Walküre in Seattle
Even more overtly than Rheingold, the Walküre of the Seattle Ring staged by Stephen Wadsworth is all about the marriage of Wotan and Fricka, and the fierce and richly argued scene between them at the beginning of Act 2 is both the dramatic turning point of the entire cycle and the production's most probing bit of stagecraft. Everything about their relationship that was established in Rheingold — from the deep erotic undercurrent that informs their dealings to the sense of moral parity that they both depend on — pays off here in a transaction of terrific transparency. Fricka doesn't wear Wotan down with legalisms or merely badger him into submission. Rather, she reminds him — forcefully and sometimes wordlessly — that she is every bit his intellectual and moral equal, and that when she tells him Siegmund has to die he can trust that she knows what she's talking about. Wotan's final capitulation ("Nimm den Eid!") is neither grudging nor despairing; it carries a sense of relief, the knowledge that for the moment at least, his helpmeet has guided him onto the right path. Regrets and complications come later.
It helps that Stephanie Blythe has been the Fricka in every go-round of this production — her dramatic and vocal majesty growing, if anything, more assured with every revival — and that Greer Grimsley, after a shaky start in 2005, has fully grown into the demands of his role. On Monday night, both of them worked this scene with the skill of practiced masters, infusing their singing with effortless, surging vocal power that only added to the moral urgency of the interaction. It was breathtaking stuff.
And the rest of the performance was nearly as fine, beginning with an emotionally charged Act 1 built around the gifts of Stuart Skelton, Margaret Jane Wray and Andrea Silvestrelli. Wadsworth's staging in the first half of the act is taut and physically constrained, with a lot of pacing and watchfulness, so that when the Wälsungs do finally burst out of the hut into the flush of love the moment carries a kinetic charge (Peter Kaczorowski's lighting is superb here, switching from shadowy moonlight to brightness without a hint of sentimentality). The precision with which Wadsworth and his cast differentiate the Valkyries at the beginning of Act 3, and the fact that their high jinks are actually funny, continues to amaze. Another unforgettable moment is the dying fall that Silvestrelli (a huge man) takes at the end of Act 2, fearlessly toppling to the stage like a felled oak.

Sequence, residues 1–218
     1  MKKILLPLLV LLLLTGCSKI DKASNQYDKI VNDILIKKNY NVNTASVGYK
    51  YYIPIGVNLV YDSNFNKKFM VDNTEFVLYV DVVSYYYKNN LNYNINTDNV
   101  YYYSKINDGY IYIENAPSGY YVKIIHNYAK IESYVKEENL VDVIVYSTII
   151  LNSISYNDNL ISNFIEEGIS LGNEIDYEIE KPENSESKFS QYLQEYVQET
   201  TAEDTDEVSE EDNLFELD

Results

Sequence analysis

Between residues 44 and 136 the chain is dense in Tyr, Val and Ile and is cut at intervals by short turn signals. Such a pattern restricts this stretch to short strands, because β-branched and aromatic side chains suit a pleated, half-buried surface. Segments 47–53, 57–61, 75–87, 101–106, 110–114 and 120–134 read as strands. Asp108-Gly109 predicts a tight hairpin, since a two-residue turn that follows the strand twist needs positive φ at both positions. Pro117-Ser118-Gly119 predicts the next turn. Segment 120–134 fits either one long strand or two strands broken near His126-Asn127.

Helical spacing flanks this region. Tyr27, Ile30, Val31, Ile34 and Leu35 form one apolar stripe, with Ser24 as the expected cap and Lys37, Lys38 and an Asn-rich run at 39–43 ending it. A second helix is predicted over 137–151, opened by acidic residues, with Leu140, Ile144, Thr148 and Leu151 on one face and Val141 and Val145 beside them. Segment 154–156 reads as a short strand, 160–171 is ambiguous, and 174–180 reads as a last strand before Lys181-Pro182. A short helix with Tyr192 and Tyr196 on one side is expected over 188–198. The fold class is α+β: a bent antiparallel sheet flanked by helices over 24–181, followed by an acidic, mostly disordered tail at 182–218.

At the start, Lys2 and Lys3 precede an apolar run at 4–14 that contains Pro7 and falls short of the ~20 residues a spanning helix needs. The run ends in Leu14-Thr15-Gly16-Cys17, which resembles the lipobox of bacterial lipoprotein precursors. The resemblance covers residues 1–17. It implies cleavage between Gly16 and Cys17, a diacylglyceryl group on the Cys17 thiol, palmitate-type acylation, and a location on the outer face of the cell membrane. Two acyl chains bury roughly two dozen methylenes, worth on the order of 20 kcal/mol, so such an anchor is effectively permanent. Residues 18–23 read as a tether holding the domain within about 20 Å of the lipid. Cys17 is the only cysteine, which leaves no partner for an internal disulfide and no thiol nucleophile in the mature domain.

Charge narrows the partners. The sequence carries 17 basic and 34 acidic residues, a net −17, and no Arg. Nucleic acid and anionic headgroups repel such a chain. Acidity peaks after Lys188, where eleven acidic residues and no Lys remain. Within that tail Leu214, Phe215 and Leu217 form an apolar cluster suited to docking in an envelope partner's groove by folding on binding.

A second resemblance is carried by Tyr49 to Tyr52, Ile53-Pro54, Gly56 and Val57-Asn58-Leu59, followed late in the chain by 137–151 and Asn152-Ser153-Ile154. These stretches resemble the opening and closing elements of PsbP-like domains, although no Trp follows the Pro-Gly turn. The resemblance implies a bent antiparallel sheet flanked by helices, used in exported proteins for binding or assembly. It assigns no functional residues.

I wish I could be more enthusiastic about Alwyn Mellor's Brünnhilde — especially with two more operas to go — but her singing on Monday was rather bland, and her characterization stood out in this context for it lack of nuance. There was plenty of kittenish bouncing around in Act 2 and a sudden flood of pathos in Act 3, none of which seemed built on a solid dramatic foundation. Mellor has the laser-like power and precision for the challenging high notes (although her singing fades a bit in the middle), and she clearly has the stamina for this assignment. So far, though, she hasn't brought much zest or electricity to the role. Nor has conductor Asher Fisch — even with splendid playing from the orchestra — given the proceedings the propulsiveness they need. Siegmund's frantic opening dash through the forest sounded more like a midnight jog; I've never missed Donald Runnicles' ferocious rhythmic leadership so acutely.